Digital dystopia

27 07 2019

Perfidious Albion by Sam Byers

 

In Edmundsbury, a small town in east England, fear and loathing are on the rise. It is the near future; Brexit has happened and the ramifications are real. Grass-roots right-wing political party ‘England Always’ are fomenting hatred. The residents of a failing housing estate are being manipulatively cleared from their homes. A multinational tech company is making inroads into the infrastructure. Just as social tensions appear to reach crisis point, masked men begin a series of ‘disruptions’, threatening to make internet histories public, asking the townspeople ‘what don’t you want to share?’

 

The setting of the very near future feels reasonably credible but you suspect is going to look rather dated quite soon as the nightmare reality of the UK today overtakes the dystopian landscape depicted here. Social media features significantly and is probably the reason this will feel out of date quite quickly. It’s a pretty pacy read but none of the characters is particularly likeable and it’s hard to care that much as things slowly fall apart.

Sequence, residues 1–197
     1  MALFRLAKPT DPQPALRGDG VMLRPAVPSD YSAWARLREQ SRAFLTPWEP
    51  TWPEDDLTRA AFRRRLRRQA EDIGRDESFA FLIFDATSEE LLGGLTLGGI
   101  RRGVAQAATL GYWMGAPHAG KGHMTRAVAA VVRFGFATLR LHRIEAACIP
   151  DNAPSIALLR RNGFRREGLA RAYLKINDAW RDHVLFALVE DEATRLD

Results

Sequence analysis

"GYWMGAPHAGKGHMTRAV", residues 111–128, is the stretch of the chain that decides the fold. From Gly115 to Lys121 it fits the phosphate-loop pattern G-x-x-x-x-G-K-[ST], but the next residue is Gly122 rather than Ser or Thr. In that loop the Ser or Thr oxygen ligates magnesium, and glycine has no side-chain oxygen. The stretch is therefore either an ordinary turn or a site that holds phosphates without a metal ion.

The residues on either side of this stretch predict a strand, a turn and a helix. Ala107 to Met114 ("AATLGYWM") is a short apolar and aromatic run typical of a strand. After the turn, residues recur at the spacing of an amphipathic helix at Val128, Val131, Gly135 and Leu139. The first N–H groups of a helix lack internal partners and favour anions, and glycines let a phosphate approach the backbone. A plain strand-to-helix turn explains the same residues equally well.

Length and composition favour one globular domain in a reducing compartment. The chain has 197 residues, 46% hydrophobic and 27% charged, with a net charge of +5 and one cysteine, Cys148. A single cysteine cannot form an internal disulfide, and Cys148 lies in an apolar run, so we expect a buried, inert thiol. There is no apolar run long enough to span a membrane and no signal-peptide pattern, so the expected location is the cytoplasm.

Not wholly unenjoyable though although with one of the reviews describing this as being “like an episode of Black Mirror as scripted by a “woke” Martin Amis” you know it really is not going to be great.

And it really does have an extremely poor and immensely irritating ending.

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One response

3 08 2019
More than Middling | Prole Art Threat

[…] with contemporary and ongoing events in a novel can be challenging (see this recent review of a largely unsuccessful effort) but Coe manages it here with some style. This is the third novel […]

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